From The Library of Babel Vol. II

Video and sound on 4 screens
Dur. 04:00 min. loop.

Video documentation, 1 min. excerpt.



The work’s title stems from the novel “The Library of Babel” written by Jorge Luis Borges in 1941. Borges describes a library so large that it contains all the books that have ever been written, all the books that will come to be written, and all the books that never will be written. This infinite library has neither beginning nor end, neither centre nor circumference. Consequently, order becomes chaos, memory becomes forgetting, and the search for one consummate book becomes an obsession.

Technology and the revolution in pictorial production methods has left us with a world over-filled with information and infinite possibilities from which to choose. In a social reality where technology is democratized, singular phenomena and the private sphere are also constantly being archived through social media, digital pictorial production, blogs, webpages and cell-phones. It is a memory model involving the storing of information but without organization or categorization. Categories of ‘trivial’ and ‘valuable’, ‘important’ and ‘unimportant’, ‘large’ and ‘small’ become diluted. ‘Private’ and ‘public’ become difficult to distinguish. Hierarchies become networks. Questions about copyrights become muddled.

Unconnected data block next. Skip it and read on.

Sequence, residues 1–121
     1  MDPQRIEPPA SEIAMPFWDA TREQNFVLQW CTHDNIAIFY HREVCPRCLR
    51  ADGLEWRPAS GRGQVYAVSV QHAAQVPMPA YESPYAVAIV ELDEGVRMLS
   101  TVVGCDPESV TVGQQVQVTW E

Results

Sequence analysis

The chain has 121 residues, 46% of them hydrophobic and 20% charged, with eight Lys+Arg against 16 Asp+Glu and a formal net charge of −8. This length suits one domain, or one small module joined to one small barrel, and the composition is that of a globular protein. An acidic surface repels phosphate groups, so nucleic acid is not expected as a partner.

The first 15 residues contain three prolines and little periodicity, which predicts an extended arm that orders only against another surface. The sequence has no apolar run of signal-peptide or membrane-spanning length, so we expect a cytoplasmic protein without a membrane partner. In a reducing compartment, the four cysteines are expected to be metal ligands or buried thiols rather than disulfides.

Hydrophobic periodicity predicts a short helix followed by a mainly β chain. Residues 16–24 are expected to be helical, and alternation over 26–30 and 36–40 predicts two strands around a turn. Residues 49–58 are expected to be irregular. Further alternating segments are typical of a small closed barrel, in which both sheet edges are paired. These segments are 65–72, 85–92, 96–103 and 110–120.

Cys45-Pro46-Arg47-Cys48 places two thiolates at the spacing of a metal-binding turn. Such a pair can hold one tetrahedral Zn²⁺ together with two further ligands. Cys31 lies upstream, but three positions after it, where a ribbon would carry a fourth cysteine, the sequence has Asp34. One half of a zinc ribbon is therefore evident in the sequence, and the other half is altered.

This predicament resembles Borges’ scenario in several respects.
The universal narratives crumble and we lose an overview of the intellectual terrain. It is up to each of us to create our own history out of the cacophony of religion, philosophy, science, quackery and self-help literature.